Identifying body parts
Around two years of age, children would identify the body parts. It is good to name their body parts while giving a bath. For example, you can say. “Give me your hand,” “Blow your nose,” or “Wash your feet.” With such an approach, they have a basic understanding of their body functions.
|Receptive language||Expressive language|
|Recognizes and identifies almost all common objects and pictures of common objects when they are named.||Has a speaking vocabulary of at least 10 – 20 words at around 18 months|
|Demonstrates understanding of action words (verb forms) such as “sit down,” “come here,” “stop that,” etc.||Begins combining words into simple sentences (like “go bye-bye,” “daddy come”) at around 20 months|
|Demonstrates understanding of distinctions in personal pronouns such as “give it to her,” “give it to me,” etc.||Occasionally uses 3-word sentences (such as “there it is,” “play with blocks,” etc.) by 24 months.|
|Follows a series of 2 or 3 very simple but related commands. Understanding of most complex sentences for Example when we go to the stores I will buy you an ice cream.||Refers to self by using his or her own name. Begins using some pronouns but makes errors in syntax.|
Around 24 months of age
By the time the child reaches 24 months of age, you will see an explosion of language and improved articulation. Many Indian parents try to teach Sanskrit slokas at this age, which fosters the articulation ability in children.
Rapid vocabulary growth
There occurs a rapid growth in their vocabulary than before. By the age of 2 years, a child will be able to learn around 50 to 300 words. Their ability to pick up new words so quickly would surprise you!
The clarity in pronunciation and speech becomes so profound that even strangers can easily understand most of what they talk. Their articulation keeps on improving.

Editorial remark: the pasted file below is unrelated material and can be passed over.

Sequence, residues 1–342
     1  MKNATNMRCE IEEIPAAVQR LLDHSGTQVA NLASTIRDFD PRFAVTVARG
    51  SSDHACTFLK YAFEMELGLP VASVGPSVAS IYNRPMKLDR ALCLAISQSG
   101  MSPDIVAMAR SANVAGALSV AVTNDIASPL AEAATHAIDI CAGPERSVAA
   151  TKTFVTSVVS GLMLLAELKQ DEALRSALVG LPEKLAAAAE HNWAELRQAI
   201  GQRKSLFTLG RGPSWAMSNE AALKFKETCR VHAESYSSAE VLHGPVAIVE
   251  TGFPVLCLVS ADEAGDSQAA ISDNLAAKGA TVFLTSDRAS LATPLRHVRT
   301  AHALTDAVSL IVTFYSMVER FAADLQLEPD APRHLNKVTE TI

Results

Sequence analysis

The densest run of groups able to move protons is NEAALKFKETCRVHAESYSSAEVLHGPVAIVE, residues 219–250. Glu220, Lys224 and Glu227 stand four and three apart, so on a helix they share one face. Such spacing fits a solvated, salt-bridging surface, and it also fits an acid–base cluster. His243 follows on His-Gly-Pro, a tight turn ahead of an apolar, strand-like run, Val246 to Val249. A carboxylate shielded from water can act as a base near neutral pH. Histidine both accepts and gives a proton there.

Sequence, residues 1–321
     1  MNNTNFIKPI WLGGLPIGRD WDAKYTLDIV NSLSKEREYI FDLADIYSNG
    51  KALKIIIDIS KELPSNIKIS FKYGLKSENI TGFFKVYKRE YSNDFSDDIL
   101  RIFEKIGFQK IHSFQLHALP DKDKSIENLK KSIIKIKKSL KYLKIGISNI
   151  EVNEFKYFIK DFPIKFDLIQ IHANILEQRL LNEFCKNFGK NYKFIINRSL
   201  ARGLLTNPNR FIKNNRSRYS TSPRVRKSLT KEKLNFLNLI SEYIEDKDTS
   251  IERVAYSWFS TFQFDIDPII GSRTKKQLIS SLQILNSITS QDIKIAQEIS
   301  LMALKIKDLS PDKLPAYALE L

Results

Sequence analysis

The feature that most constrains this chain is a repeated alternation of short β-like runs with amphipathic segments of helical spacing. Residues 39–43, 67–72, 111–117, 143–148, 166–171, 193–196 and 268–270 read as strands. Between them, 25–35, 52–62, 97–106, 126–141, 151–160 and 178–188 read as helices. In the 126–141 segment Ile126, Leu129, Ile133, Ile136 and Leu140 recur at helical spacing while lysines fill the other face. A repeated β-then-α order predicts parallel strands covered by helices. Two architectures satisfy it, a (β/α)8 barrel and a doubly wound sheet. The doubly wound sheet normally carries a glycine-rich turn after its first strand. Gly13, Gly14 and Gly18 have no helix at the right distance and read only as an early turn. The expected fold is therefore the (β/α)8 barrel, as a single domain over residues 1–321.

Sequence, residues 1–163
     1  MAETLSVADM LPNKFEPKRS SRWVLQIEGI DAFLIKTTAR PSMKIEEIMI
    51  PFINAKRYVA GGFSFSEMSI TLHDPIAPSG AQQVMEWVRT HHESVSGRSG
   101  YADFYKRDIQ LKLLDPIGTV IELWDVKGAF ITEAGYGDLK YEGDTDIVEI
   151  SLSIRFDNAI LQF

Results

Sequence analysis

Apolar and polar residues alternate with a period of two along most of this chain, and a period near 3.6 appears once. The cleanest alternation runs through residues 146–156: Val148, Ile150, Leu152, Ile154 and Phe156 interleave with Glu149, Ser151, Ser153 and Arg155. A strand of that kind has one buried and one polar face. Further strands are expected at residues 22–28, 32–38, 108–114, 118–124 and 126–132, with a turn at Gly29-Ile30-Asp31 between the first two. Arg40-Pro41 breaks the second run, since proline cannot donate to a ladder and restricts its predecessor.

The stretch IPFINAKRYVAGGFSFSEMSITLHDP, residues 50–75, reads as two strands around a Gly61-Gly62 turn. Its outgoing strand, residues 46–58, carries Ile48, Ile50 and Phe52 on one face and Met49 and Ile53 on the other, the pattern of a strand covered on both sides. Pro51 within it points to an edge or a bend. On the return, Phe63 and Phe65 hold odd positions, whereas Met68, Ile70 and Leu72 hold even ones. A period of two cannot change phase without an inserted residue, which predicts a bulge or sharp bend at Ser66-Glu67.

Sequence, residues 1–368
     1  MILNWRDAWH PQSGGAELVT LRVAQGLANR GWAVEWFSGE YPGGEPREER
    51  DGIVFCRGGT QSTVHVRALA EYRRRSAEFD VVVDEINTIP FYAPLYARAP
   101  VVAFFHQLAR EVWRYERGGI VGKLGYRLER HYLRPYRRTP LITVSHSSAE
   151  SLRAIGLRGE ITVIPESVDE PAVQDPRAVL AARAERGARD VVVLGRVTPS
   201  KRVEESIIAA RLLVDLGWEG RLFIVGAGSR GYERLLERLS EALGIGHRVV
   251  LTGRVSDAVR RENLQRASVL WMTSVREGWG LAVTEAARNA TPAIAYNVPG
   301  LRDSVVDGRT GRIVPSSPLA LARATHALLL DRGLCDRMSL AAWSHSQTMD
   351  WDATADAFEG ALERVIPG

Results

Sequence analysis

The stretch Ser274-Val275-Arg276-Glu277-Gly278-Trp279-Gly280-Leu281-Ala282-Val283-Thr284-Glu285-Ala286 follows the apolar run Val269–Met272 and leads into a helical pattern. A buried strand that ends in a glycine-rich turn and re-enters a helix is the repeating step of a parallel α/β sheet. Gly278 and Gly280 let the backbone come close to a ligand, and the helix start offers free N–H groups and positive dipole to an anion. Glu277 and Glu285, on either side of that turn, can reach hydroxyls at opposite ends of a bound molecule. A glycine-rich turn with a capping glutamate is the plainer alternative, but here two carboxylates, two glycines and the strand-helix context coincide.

Emotions are clearly expressed
Children by two years of age can express their emotional state clearly, whether they are happy, sad, or angry.
These children can be good storytellers. As their expressions get clearer, they can now narrate an incident or tell a story with expressions. This is a crucial step towards their narrative skills.
Tips to encourage their speech and language development
Your toddler’s speech and language skills can be encouraged and improved by some tips and techniques.
Read it aloud:
Whenever you have a chance, try to read the newspaper or an article aloud. This exposes children to a variety of words and sentence structures, fostering language development. They would also know how to break a sentence before reading the next one.
It is highly essential to engage your child through active conversations. Though the child might not express clearly or may just babble, it is important to have these little conversations as it encourages them to express.
Expand on their words:
Encouraging the child to speak more will happen when they feel involved. So, it is necessary to expand the words to sentences. For example, if your child says, “Ball,” you can say, “Yes! That is a big yellow ball”.
It is highly important to have patience when you expect the results. As speech development varies among children of the same age group, it is important to encourage and be patient as they grow and learn.
Restrict the screen time:
It is a highly essential part to be kept in mind. If the screen time of a child increases, the necessity for the child to speak decreases. Because of this, children limit their interest in expression, reducing their interest in learning new words and using them. Hence, minimizing the screen time is very important.
Lastly, it has to be remembered that these speech and language milestones can vary among children. If you ever have any concerns, it is helpful to consult a pediatrician or a speech and language pathologist (or speech therapist) to gain some valuable insights and support. Wellness Hub has a group of speech therapists who are empathetic and experienced. They prepare the therapy plans according to the child’s needs and implement them in a goal-oriented process.
Online speech therapy for children can be a beneficial resource in this regard. Through interactive and engaging sessions, children can receive targeted support for their speech development from the comfort of their homes. However, it’s essential to acknowledge that every child is unique, and speech development may vary. If there are concerns or questions about a child’s